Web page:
Most people associate sexual assault with rape. Under the Texas law, however, sexual assault covers both non-consensual sexual acts and consensual ones.
That means a person can be charged with sexual assault even if they have what they believe is a consensual sexual encounter with another person.
It’s important to understand that there are effective defense strategies for these kinds of sexual assault cases in Texas.
In fact, there are typically five ways out of a Texas sexual assault charge. Here’s what you need to know about them and the penalties associated with sexual assault upon conviction.
What is Sexual Assault in Texas?
The Texas Penal Code defines sexual assault in Texas as:
- Penetration and Intercourse without consent
- Penetration, sexual contact, or intercourse with a minor
- Coercive sexual acts
- Sexual abuse of someone unable to give consent due to mental capacity or a disability
- Violent and forcible intercourse, sexual contact, or penetration, even with consent
Aggravated Sexual Assault
Another important segment of the code explains that a sexual assault charge can become aggravated if during the commission of the act, the defendant:
- Attempts to cause the death of the victim or inflicts serious bodily harm
- Places the victim in fear of serious bodily injury or death
- Showed or used a deadly weapon during the crime
- Used the date rape drug to make the assault easier
- Acted with another person to commit the crime
- Assaulted a disabled or elderly person
- Assaulted someone under the age of 14
Penalties for Sexual Assault in Texas
Penalties for sexual assault convictions are fairly straightforward. In most cases, sexual assault is a second-degree felony in Texas. So, a convicted offender faces a sentence of up to 20 years in prison and fines up to $10,000.
Aggravated sexual assault penalties are elevated in Texas to those accompanying first-degree felony convictions. You could face a prison sentence of up to 25 years along with those fines.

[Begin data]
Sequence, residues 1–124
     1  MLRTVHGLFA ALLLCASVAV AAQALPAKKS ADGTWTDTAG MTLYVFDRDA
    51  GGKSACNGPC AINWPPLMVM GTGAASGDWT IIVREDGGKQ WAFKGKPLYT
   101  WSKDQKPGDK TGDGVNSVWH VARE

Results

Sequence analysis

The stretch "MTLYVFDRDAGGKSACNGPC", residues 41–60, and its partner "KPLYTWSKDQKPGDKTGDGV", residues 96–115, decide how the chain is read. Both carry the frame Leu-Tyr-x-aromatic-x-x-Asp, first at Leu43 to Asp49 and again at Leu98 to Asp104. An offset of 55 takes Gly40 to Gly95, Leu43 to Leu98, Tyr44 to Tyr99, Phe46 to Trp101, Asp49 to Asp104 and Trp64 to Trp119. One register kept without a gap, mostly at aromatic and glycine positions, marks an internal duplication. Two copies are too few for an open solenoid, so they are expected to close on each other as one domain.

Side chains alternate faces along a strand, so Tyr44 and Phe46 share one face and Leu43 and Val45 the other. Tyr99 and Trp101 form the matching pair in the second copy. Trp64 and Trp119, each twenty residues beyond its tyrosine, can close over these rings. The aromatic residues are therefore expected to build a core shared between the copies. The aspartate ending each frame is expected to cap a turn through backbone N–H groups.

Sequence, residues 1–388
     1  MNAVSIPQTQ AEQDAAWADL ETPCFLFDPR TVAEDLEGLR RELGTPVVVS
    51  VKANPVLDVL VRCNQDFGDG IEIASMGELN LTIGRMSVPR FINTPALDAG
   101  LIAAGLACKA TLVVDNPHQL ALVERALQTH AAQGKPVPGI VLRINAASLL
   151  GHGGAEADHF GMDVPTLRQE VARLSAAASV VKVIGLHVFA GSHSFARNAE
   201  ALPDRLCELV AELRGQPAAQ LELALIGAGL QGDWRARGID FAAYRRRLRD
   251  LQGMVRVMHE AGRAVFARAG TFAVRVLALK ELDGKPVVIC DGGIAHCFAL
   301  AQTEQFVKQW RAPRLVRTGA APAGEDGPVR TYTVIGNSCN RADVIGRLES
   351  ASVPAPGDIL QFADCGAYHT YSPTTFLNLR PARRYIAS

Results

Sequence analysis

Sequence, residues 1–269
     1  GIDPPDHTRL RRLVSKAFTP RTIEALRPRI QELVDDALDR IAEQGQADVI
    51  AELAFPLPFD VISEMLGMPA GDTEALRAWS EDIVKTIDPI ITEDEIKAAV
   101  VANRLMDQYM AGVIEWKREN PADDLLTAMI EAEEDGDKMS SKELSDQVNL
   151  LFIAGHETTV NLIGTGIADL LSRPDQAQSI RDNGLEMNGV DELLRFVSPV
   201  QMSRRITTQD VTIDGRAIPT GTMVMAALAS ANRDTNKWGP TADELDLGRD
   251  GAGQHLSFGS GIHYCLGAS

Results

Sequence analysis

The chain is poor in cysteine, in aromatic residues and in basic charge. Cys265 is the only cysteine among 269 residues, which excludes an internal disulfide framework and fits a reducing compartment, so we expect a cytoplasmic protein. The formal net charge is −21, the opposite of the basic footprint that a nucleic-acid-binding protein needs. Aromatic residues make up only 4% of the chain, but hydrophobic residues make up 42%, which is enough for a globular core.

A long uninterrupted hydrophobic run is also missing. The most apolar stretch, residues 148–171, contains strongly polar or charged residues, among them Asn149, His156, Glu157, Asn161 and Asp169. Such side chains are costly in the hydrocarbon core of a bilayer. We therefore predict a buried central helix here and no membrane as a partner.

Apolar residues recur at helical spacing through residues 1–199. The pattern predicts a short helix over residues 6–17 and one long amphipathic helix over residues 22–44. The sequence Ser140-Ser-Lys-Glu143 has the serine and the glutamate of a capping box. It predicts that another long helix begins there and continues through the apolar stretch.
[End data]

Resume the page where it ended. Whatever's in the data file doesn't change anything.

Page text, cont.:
The Five Possible Defenses in a Texas Sexual Assault Case
Finding an experienced attorney to represent you in court is paramount to a good defense against charges of sexual assault.
There are generally five strategies for preparing a solid defense: innocence, consent, mental issues, botched police work, and a plea bargain. Learn more about each below.
If you can prove that you did not commit the act that you are being charged with or that you did not take actions that warrant the sexual assault allegations you’re being accused of, then you can plead innocence in court.
This can be a tough road to take but if you are innocent, then a good attorney can help you to prove it in court.
Sometimes a defense strategy involving innocence also involves the element of consent. As a defense strategy or an element of one, it can be powerful. This is because prosecutors are responsible for proving the victim did not consent to the acts someone is accused of.
A defense lawyer, however, is still required to present direct evidence that the victim did consent to the interaction. When a defendant has a prior sex crime conviction, things can get tricky, though.
Furthermore, consent is no defense when a victim was under the age of consent or lacks the mental capacity to consent.
A plea of mental illness before the court is complicated but it can be done. The offender must show they were either temporarily or permanently insane at the time the crime took place.
Botched Police Work
If the police did not properly handle evidence or they did not use the right tools in their investigation of the crime, then this miscondut can cast doubt on the prosecution’s case.
Sometimes a defendant will consider plea bargaining. Depending upon the circumstances surrounding your case, the prosecutor may present a deal in exchange for an admission of guilt.
Plea deals typically involve reduced sentencing. However, there are disadvantages to accepting a deal like this, and you should consult an experienced Texas attorneybefore to agreeing to one.